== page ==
Ah, ex sex. To quote Samantha Jones, "Sex with an ex can be depressing. If it's good you can't get it anymore. If it's bad you just had sex with an ex." And that about sums up Don and Betty's woodland escapade on last night's Mad Men. It was hot, they had fun, and in the morning, a freshly prim Betty was happily eating breakfast with Henry in the motel restaurant, Don was relegated to a solitary table, and both parties were following the Draper mantra: "This never happened." The former Mr. and Mrs. Draper were somewhere (presumably) in upstate New York visiting Bobby at summer camp, and between Betty's renewed svelte physique and an endearing lunch between mother, father and son that brought back long-dormant memories of family harmony, suddenly what was old was new again. This enticing, self-confident Betty had no trouble luring her ex-husband into her room, and for one night, it was 1954. A world with no Sylvia, no Megan and no Henry.
The theme of revisiting ex-relationships permeated "The Better Half," whether it was Betty's analysis of Don's warped existence, Peggy's inner tug-of-war between Don, Ted and Abe or even Roger's continued feeble attempts to maintain a presence in baby Kevin's – and Joan's – lives. As the closing song, a 1964 version of "(There's) Always Something There to Remind Me" by Lou Johnson, suggested, none of these connections can ever permanently be severed. So maybe it's not about letting go of certain people, but instead figuring out how they best fit into their lives.
This was a depressing episode, if anything because everyone was whining about how damn lonely they were all the time. And the one who wound up the most alone of all was Peggy. After spending the episode desperately trying to remain neutral whenever Don or Ted would ask her opinion, petrified of offending either partner, Peggy had both men close their office doors on her, oblivious to her situation or her feelings. The lone shot of her facing an empty conference room signified how this merger has caused her to relapse, not only in her personal life, but her professional one as well. She doesn't hold the power she once did at CGC, and whatever hope she had for a burgeoning romance with Ted has vanished along with her relationship with Abe.
Their long-simmering implosion finally came to a head after too many dangerous run-ins with local UWS hooligans – whom Abe refused to rat out to the police. Ironically, the violence that ultimately tore the radical journalist and the idealistic advertising copy chief apart wasn't Abe getting stabbed on the subway, but Peggy accidentally plunging a homemade spear (a knife attached to a broom handle – ostensibly for self-defense) into his belly when he startles her from behind. As they ride to the hospital in the ambulance together, the knife still sticking out of his abdomen, Abe, in his delirium, effectively breaks up with Peggy for remaining part of the Establishment he so loathes: "Your activities are offensive to my every waking moment. You'll always be the enemy." Ouch. But this West Side Story was hardly a tragedy compared to the broken heart a disheveled Peggy received from Ted the next morning when she breaks the news that she and Abe are done: He pats her on the back, assures her she'll find someone else and tells her to get back to work.
The only person who might have Peggy beaten in the loneliness department is Megan, but at least she had a shot at a little physical comfort when her co-star (and swinging aficionado) Arlene tried making out with her. If Megan had any inkling what her husband was up to with Betty out there in the woods I'd like to think she would've let Arlene have her way with her, but alas, those stories will have to be consigned to Mad Men erotic fan fiction writers. Megan may not be into girls, but there's no reason why Corinne's platinum-blond identical twin Colette (yes, Megan is now playing the cliché identical twins on a soap opera) can't be, right? I call dibs on a Tumblr named "Blond Ambition."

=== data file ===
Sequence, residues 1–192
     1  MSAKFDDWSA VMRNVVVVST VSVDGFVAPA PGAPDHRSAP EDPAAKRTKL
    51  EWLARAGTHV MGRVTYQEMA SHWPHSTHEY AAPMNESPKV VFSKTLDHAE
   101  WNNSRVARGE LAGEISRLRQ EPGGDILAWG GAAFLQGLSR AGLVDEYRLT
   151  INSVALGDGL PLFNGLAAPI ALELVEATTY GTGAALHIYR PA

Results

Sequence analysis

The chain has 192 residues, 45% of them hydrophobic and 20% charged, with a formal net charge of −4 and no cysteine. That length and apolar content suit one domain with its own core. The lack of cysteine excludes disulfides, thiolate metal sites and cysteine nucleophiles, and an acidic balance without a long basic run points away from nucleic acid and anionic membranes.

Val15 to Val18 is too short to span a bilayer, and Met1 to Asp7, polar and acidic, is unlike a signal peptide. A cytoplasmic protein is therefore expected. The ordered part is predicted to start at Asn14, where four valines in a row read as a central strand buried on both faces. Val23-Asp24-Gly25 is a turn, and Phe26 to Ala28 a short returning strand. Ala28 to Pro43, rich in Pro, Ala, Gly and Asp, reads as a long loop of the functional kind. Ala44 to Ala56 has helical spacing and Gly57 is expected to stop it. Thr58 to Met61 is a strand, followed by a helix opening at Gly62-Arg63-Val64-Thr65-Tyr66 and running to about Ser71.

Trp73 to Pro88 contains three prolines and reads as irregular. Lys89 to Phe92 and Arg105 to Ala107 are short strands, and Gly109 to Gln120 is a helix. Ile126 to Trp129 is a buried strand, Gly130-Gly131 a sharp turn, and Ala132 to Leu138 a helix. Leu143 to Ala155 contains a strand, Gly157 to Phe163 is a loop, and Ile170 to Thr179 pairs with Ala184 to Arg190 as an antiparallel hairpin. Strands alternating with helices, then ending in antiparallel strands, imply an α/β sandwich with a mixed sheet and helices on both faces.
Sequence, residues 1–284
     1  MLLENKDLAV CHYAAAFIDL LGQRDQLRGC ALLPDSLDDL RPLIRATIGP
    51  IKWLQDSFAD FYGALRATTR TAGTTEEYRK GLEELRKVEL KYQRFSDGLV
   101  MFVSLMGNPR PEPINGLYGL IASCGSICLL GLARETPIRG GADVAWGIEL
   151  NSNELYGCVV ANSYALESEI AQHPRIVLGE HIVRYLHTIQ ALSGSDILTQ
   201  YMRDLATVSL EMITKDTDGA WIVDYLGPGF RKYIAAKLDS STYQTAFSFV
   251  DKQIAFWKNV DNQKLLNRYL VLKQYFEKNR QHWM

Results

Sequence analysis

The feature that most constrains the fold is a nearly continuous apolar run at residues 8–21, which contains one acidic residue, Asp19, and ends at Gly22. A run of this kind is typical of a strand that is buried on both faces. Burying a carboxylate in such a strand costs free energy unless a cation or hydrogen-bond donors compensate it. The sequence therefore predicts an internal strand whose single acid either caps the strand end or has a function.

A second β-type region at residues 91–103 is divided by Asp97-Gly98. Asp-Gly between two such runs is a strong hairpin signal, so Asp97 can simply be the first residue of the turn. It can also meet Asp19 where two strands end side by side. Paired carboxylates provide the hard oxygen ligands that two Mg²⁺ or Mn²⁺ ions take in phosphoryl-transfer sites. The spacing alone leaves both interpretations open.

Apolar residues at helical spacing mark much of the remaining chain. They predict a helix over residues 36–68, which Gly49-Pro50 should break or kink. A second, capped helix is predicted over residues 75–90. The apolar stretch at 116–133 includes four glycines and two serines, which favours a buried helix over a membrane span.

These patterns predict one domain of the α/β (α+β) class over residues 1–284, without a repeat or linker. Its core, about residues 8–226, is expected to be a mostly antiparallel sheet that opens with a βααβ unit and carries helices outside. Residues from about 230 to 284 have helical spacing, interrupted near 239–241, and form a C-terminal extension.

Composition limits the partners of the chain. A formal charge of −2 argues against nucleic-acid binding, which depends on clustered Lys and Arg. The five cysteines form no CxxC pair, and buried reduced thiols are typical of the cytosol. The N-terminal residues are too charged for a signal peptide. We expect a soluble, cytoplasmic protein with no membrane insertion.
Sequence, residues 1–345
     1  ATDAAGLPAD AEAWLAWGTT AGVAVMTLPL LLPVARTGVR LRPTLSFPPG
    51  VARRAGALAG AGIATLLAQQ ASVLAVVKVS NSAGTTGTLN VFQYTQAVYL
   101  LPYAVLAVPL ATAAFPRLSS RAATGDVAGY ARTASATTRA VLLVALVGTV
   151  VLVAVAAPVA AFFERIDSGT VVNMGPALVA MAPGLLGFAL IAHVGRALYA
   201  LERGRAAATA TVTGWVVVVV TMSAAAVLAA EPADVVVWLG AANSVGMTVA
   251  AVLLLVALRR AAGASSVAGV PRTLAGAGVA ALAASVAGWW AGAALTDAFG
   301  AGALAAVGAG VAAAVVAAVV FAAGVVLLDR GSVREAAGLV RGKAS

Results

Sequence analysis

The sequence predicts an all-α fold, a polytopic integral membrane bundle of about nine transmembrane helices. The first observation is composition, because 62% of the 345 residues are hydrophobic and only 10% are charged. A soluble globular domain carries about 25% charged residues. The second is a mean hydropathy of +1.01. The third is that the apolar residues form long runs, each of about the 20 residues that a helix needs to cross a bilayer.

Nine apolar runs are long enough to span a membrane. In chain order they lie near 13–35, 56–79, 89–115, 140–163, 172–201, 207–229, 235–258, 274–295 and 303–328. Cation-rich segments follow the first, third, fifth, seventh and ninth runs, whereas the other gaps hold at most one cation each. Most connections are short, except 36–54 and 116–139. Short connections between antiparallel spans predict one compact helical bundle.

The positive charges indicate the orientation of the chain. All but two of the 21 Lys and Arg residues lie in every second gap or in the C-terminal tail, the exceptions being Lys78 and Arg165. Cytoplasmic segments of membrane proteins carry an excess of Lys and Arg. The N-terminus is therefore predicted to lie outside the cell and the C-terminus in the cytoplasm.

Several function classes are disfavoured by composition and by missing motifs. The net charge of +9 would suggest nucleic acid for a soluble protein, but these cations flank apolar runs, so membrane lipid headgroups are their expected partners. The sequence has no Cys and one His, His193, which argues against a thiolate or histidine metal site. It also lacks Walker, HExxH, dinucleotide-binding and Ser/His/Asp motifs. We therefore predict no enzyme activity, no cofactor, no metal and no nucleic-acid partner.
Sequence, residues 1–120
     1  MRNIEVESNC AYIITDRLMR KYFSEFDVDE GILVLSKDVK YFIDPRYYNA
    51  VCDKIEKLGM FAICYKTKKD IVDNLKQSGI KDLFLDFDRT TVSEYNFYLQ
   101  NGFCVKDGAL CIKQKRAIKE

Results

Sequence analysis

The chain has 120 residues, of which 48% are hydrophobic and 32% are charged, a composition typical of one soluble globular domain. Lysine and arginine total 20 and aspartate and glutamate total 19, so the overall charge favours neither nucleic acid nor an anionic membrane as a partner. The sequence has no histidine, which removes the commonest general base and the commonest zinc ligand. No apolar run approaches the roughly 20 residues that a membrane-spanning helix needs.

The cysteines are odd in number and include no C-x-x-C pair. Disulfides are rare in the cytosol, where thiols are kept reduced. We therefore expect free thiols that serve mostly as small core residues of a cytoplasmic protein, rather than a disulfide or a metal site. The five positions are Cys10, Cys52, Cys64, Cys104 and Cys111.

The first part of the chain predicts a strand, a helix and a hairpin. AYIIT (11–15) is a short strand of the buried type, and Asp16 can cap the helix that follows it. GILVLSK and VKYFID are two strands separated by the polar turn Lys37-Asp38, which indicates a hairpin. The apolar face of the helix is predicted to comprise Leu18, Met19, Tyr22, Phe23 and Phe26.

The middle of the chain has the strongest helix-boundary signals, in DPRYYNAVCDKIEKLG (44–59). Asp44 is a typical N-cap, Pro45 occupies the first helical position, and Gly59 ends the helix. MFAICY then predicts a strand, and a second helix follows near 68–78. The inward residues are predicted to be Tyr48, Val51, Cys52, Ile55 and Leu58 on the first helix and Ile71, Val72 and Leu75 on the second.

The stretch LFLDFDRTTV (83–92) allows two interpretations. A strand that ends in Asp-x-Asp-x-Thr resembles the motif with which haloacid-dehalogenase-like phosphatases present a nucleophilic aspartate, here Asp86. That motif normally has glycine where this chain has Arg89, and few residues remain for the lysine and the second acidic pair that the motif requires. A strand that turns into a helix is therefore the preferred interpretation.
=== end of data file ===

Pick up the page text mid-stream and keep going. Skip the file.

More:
But back upstate in the Bates Motel of Regression, Betty is busy outsmarting Don at his predictable patterns of delusion. During their pillow talk, she tells him to chill out when he says how much he missed her, reminding him that she's happy in her life and she'd rather just enjoy this fleeting moment of nostalgia. Her continued selfishness and abhorrent behavior toward her children notwithstanding, she demonstrates that it is possible to emerge from a Don Draper marriage with wisdom and clarity: She knows that even if she spent all day dressed in a red satin robe and wore a beauty mark, Don has the attention span of a 21st-century tween. In other words, Megan is doomed to the same fate as Betty in late 1963. "That poor girl," says Betty to Don. "She doesn't know that loving you is the worst way to get to you." By the time Don returns to Manhattan, Megan is waiting for him on the balcony in a tight T-shirt and panties – no kerchief, red robe or beauty mark in sight. He feeds her the same line he gave Betty ("I missed you"), and despite Megan's speech about how she wants things to go back to the way they were and how she's sick of Don never being around, there is nothing in Don's boilerplate reponse ("You're right, I haven't been here") that gives us any hope things are going to be different.
Take Joan Harris to the hospital in an emergency and win a date to the beach with her and her son? Yeah, I'm still suspicious of Bob Benson. He's ingratiated himself into Joan's life, so much so that she let it slip about Pete's mother's need for a full-time nurse. And look who just happened to have an Army-trained R.N. in his Rolodex, putting Pete in his debt. Now that Duck Phillips is back and offering career advice to an at-the-crossroads Pete, perhaps Bob is positioning himself to become the still-unnamed firm's newest junior partner.
Previously: Monday Morning Coming Down
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